Figure 4. Long non-coding RNA (lncRNA) prediction (A), expression density of lncRNAs and protein-coding RNAs (mRNAs) (B), length distribution of protein-coding sequences (CDSs) (C), transcription factor (TF) family statistics (D). LncRNAs were predicted using CNCI, Pfam, PLEK, and CPC2 computational approaches.
Protein-coding transcripts were identified from the mRNA transcripts used for coding sequence (CDS) prediction by ANGEL. A total of 10,893 (95.83%) protein-coding transcripts were predicted (Figure 4C). The majority of these CDSs were shorter than 2,500 bp. In the present study, the number of coding transcripts was much less than other aphids (Richards et al., 2010; Nicholson et al., 2015). Transcription factor prediction in all unigenes was performed by Hmmsearch, from which 590 transcription factor transcripts were identified. The top three common families were zf-C2H2 (141), ZBTB (80), and Homeobox (55) (Figure 4D). The identification will be of convenience for further elucidation of transcriptional regulation.
In this study, we performed the full-length transcriptome sequencing using SMRT sequencing method, and 15,938 non-redundant full-length transcripts were obtained. All transcripts were annotated to seven databases, and 13,498 (84.45%) were functionally annotated. In addition, 4,571 (28.68%) transcripts were predicted as lncRNAs, and 590 were predicted as transcription factors. A total of 2,029 AS events and 15,223 simple sequence repeats were detected. This is the first Iso-Seq transcriptome of A. aurantii, and represents a significant increase in the known genetic information of A. aurantii. The data will assist in the future functional studies of genes involved in its development and reproduction, as well as the evolutionary studies of aphids.
Data Availability Statement
The datasets presented in this study can be found in online repository: NCBI SRA database with the accession number PRJNA609058. The repository and the accession number can be found below: https://www.ncbi.nlm.nih.gov.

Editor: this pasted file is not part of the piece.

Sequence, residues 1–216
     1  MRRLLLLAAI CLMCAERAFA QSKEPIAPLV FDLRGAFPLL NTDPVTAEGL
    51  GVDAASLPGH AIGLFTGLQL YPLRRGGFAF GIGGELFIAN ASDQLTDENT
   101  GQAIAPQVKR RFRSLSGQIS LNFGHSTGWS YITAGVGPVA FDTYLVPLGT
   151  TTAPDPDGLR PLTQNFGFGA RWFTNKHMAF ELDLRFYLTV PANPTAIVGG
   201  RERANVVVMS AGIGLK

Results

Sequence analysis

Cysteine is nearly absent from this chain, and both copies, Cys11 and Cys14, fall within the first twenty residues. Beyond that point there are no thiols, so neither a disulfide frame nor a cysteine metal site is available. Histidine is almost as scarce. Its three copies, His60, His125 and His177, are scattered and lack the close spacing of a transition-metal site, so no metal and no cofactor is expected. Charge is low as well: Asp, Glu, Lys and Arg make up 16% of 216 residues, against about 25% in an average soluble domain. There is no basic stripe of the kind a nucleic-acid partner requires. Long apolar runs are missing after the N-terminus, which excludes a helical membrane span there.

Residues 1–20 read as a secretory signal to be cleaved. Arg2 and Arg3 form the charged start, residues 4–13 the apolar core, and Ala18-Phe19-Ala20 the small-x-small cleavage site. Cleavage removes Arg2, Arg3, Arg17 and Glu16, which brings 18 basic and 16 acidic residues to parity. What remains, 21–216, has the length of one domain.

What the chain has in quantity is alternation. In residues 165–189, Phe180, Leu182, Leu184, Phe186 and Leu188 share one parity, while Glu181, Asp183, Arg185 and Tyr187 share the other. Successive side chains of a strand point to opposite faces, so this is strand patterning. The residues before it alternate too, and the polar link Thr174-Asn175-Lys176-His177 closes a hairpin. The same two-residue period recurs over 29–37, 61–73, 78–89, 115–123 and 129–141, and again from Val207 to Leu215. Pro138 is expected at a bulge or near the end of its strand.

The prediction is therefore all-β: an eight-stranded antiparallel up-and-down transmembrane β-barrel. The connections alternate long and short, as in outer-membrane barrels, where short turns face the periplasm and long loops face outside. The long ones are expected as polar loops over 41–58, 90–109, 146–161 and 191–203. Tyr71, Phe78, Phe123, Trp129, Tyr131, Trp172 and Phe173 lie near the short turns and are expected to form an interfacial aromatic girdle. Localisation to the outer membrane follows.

DW and FH conceived and designed the study, and analyzed the data. S-HM and X-YL contributed to the materials and samples. S-HM and FH contributed to the tables and figures. FH and DW drafted the manuscript. JN and JY revised the manuscript. All authors read and approved the final manuscript.
This study was supported by the National Key Research and Development Program of China (2016YFD020090509), Key Discipline of Agricultural Entomology and Pest Control (Cultivation), and Xinyang Agriculture and Forestry University (ZDXK201701).
Conflict of Interest
The authors declare that the research was conducted in the absence of any commercial or financial relationships that could be construed as a potential conflict of interest.
We thank Dr. Jin-Jun Wang from Southwest University, Chongqing, China, for the facility for insect rearing.
The Supplementary Material for this article can be found online at: https://www.frontiersin.org/articles/10.3389/fgene.2020.558394/full#supplementary-material
Supplementary Figure 1 | Read length distribution during the filtering process. (A) Polymerase reads length distribution. (B) Subreads length distribution. (C) Circular consensus sequence (CCS) length distribution. (D) Full-length non-chimeric (FLNC) reads length distribution. (E) Consensus reads length distribution. (F) Gene length distribution.
Supplementary Table 1 | Summary of reads after filtering.
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Keywords: Iso-seq, SMRT sequencing, Aphis aurantii, reference resource, long non-coding RNA, simple sequence repeat
Citation: Hong F, Mo S-H, Lin X-Y, Niu J, Yin J and Wei D (2020) The PacBio Full-Length Transcriptome of the Tea Aphid as a Reference Resource. Front. Genet. 11:558394. doi: 10.3389/fgene.2020.558394
Received: 02 May 2020; Accepted: 09 October 2020;
Published: 12 November 2020.
Edited by:Y-h. Taguchi, Chuo University, Japan
Reviewed by:Shan Gao, Nankai University, China
Wen-Jia Yang, Guiyang University, China
Lu Peng, Fujian Agriculture and Forestry University, China
Copyright © 2020 Hong, Mo, Lin, Niu, Yin and Wei. This is an open-access article distributed under the terms of the Creative Commons Attribution License (CC BY). The use, distribution or reproduction in other forums is permitted, provided the original author(s) and the copyright owner(s) are credited and that the original publication in this journal is cited, in accordance with accepted academic practice. No use, distribution or reproduction is permitted which does not comply with these terms.
*Correspondence: Dong Wei, firstname.lastname@example.org